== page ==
Motorist disqualified at County Limerick court for drug-driving

Norma Prendiville

Reporter:

Norma Prendiville

The man was convicted at Newcastle West court

The man was convicted at Newcastle West court

JAKUB Kedron,  40 Carrig Desmond, Newcastle West was disqualified from driving for four years when he was convicted, at the local court, of drug driving or driving under the influence of an intoxicant on December 29, 2017.

In evidence to the court, Garda Griffin, Newcastle West said he was on patrol at 10pm at Station Rd, Newcastle West when he observed a car coming out of an estate without indicating to do so and then veer from side to side on the roadway. When he stopped the car, the driver Jakub Kedron produced a learner permit.

“He appeared dazed and his speech was slurred, and his eyes were bloodshot,” the garda said. He tested the accused and the sample  proved positive for cannabis and cocaine. 

He then arrested Mr Kedron who later gave a blood sample to a doctor at the Newcastle West garda station.

The test results gave over-the-limit readings of two types of cannabis, the garda explained. He confirmed to Mr Kedron’s solicitor, Enda O’Connor that he stopped his client on January 29 but the blood sample was not taken until after midnight, making it January 30.

Because of the New Year and the Bank Holiday, he posted the sample on January 2.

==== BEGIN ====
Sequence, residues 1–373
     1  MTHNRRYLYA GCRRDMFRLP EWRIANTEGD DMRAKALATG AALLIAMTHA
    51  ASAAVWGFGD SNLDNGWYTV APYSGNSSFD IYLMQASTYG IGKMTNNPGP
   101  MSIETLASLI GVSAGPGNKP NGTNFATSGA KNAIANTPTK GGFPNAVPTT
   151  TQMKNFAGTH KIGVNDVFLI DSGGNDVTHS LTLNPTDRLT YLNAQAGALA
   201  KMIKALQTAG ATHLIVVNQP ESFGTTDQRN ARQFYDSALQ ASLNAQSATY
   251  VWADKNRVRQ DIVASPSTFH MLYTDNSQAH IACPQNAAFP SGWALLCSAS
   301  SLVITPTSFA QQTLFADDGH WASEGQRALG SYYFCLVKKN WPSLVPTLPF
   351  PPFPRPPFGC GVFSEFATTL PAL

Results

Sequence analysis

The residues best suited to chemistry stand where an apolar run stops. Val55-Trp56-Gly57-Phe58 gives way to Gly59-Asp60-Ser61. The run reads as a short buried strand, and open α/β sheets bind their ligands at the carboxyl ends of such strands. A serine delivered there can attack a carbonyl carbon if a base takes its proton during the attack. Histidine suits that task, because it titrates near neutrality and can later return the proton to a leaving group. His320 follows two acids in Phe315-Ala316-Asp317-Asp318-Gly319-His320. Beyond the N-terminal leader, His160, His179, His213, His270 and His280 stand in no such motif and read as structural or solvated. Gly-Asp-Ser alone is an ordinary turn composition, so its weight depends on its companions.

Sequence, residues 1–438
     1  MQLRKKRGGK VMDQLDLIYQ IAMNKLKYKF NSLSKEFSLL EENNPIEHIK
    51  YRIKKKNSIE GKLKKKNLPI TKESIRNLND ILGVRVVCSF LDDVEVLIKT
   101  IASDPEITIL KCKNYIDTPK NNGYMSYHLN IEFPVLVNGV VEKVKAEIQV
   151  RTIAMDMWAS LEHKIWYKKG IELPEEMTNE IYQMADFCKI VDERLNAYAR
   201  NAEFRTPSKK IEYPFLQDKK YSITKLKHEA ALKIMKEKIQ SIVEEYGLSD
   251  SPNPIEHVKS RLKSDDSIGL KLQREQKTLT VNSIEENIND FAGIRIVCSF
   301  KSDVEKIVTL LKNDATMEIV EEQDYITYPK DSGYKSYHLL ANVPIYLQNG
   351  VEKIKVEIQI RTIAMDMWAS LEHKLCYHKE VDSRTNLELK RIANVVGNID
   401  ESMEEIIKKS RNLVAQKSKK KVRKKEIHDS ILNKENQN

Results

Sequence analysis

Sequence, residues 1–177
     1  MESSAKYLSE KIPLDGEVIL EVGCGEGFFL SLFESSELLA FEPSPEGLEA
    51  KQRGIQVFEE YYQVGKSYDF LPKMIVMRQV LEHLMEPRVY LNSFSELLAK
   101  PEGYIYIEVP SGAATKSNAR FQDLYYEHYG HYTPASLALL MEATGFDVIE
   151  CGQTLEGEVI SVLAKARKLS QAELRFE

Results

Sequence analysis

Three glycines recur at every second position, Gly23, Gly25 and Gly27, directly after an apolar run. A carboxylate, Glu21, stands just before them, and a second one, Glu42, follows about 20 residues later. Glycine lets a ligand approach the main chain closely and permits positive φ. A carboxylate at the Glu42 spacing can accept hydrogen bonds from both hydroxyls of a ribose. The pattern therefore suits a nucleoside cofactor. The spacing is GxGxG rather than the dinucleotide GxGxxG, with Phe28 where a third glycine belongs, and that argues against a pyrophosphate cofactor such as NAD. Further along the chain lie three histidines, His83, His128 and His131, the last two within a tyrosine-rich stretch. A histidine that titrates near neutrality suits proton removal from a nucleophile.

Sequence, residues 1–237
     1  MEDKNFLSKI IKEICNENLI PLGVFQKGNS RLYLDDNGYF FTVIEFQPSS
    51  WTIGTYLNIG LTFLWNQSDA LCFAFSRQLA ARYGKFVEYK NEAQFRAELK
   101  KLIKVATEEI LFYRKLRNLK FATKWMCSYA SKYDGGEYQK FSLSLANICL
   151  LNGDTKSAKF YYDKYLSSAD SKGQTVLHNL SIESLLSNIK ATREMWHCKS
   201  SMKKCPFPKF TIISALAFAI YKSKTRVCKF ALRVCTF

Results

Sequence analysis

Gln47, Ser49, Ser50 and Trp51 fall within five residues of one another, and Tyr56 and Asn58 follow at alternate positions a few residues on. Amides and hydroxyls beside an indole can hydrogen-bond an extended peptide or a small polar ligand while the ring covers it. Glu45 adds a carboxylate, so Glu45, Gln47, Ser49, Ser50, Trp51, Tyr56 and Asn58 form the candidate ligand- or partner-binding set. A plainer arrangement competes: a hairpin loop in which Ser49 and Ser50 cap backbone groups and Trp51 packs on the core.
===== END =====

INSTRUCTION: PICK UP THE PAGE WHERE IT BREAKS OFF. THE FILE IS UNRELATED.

Mr O’Connor argued that the sample was analysed for alcohol on January 5 but the drug testing did not take place until 53 days later on February 20.

“I would have a difficulty with that,” he said, arguing that the law stated it should be done “as soon as is practicable”.

His client was prejudiced, he said, as the “provenance of the sample would deteriorate” and his client was entitled to fair process.

“It is an extraordinary length of time,” Mr O’Connor said.

Asked by Judge Cashin if he had any evidence the sample had been compromised, he said he didn’t.

“In light of that, I don’t hold with the submission, “ the judge said.

Pleading for leniency for his client, Mr O’Connor said he hadn’t taken any drugs that day but had been smoking cannabis the previous day.

“He felt he was more than capable of driving but had eaten very little on that day.”

Disqualifying Mr Kudron, the judge said: “You are paying the ultimate price. The court’s hands are tied and because of the high reading it is four years disqualification.”

The disqualification takes effect from March 21.